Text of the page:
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Goodbye, Darkness

            I don’t know about you, but life has been all rain clouds and no sunshine these days over in our neck of the woods. Perhaps that’s because it’s January. But I have a feeling it’s more than that. I suspect that the clouds have been due to darkness fighting light in a ferocious manner. Darkness does that, by the way. It likes things to stay dark because light threatens its very existence. Don’t believe me? Even our eyes want to stay closed when our alarms go off in the morning. We enjoy our slumber and the dark tremendously! Our body aches at the thought of someone throwing the light on and interrupting our precious night.

            But the same can be said for things that aren’t of this world. The things that are beyond this singular realm are also filled with light and dark. There is a spiritual battle that takes place all around us – while we do our daily routines and our errands, while our kids attend school, while we go to our jobs and our churches and PTO meetings. Every second of every day, the war continues. Darkness tries to claim souls while Light fights back for freedom for those very souls.

            What is your darkness? And before you start to think that I’ve lost my mind, or that I’m a religious zealot, remember that you are made up of a body, a mind, a spirit, and a soul. Just because you’re only consciously aware of one or two of those things, it doesn’t mean the others cease to exist – no more than the stars cease to exist while the sun is shining.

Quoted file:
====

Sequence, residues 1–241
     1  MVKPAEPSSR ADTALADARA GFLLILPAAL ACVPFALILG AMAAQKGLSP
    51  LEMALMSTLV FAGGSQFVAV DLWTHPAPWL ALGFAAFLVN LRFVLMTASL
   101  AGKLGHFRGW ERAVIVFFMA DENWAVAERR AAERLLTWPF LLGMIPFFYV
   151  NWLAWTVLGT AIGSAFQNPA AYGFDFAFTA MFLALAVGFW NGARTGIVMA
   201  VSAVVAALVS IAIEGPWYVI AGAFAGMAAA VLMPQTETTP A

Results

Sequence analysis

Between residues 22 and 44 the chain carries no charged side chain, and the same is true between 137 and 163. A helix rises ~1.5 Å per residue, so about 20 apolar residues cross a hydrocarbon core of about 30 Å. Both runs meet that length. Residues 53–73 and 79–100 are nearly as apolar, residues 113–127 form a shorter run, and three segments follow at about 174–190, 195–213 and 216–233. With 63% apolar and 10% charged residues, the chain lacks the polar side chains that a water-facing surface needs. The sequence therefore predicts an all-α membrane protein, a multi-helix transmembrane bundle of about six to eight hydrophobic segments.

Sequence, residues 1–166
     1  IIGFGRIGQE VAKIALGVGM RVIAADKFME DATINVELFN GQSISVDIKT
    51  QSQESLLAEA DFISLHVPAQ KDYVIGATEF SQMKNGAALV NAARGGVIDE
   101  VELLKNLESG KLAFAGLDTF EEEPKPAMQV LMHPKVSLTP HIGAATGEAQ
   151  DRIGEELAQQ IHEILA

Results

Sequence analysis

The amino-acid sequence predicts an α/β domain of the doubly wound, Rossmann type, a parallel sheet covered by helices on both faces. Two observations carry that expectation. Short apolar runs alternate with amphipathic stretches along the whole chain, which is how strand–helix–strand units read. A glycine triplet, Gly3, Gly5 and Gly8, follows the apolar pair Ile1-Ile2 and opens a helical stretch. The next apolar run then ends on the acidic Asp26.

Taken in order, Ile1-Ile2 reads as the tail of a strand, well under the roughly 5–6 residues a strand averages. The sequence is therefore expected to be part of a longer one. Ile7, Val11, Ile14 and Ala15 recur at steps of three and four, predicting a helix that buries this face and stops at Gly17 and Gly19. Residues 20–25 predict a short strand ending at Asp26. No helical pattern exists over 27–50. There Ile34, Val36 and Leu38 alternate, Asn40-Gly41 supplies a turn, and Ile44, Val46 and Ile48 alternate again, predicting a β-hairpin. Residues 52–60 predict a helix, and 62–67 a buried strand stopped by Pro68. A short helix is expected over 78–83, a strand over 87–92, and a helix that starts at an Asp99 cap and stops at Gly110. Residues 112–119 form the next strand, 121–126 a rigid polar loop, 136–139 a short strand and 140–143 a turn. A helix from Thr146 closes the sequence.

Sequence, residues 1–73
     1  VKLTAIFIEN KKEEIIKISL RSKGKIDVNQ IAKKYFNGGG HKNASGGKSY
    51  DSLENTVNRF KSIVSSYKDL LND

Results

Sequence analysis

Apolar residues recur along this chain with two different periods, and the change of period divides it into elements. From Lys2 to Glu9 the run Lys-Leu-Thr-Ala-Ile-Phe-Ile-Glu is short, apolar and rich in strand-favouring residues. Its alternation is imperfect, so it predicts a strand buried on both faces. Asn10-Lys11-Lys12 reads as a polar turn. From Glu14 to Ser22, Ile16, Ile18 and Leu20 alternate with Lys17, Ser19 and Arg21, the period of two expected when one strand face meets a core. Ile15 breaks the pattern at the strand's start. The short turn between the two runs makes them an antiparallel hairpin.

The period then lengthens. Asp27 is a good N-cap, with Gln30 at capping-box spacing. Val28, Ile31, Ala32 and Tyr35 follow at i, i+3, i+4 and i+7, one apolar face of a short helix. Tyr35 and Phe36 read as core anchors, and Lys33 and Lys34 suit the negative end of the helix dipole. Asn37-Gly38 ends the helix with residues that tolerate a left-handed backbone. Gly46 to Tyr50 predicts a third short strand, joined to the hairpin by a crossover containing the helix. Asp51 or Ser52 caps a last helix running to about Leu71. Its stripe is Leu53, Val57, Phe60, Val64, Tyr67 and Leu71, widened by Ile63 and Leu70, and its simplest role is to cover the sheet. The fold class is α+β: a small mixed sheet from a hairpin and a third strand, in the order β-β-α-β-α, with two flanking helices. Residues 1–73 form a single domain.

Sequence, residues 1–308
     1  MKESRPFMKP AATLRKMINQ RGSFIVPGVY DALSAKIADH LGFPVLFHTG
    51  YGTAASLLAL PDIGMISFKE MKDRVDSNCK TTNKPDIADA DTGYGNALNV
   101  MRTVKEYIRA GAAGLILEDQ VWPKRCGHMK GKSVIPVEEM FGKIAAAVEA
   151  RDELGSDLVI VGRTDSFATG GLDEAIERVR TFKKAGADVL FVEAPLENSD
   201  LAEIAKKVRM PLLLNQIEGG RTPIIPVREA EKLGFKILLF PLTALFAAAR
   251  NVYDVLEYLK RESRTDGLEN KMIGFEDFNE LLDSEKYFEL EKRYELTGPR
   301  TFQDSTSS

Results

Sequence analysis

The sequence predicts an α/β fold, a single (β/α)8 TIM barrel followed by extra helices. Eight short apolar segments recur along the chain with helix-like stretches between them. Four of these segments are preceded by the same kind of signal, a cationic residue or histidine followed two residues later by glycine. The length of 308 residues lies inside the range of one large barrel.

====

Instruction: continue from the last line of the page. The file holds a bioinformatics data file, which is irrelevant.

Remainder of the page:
My darkness takes many forms. Sometimes it appears as anxiety or depression. Other times it takes the shape of a bad habit, a sin, or a stronghold. But however it chooses to appear, it’s goal is always the same – to claim me as its own and to hold me captive, away from the light. And that’s darkness’s aim when it comes to you, too.

            You’re worthless. You’re a failure. Can’t you ever do anything right? What if everyone found out that you did that? If people REALLY knew you, they’d see you’re a fraud and a hypocrite. You can’t change. Your life will never amount to anything more than this right now. Your finances, your health, your job security, your house payment, your broken car, your broken family, your broken marriage… all of it means nothing. YOU mean nothing.

            Ever felt any of these things? Since most people usually aren’t always optimistic and the rainbows only shine after a bit of rain, I’m guessing at least part of this rings true to you, too. So what’s the answer? What do we do when the clouds are all around us and the darkness closes in? Do we give up? Do we hunker down and wait for the darkness to pass us by? Because I assure you, if that’s what you do, you will fail. Trust me. I’ve already tried. You see, the dark is not satisfied unless it’s victims stay in one place, eyes held tightly shut, refusing to let the light breach their clouds.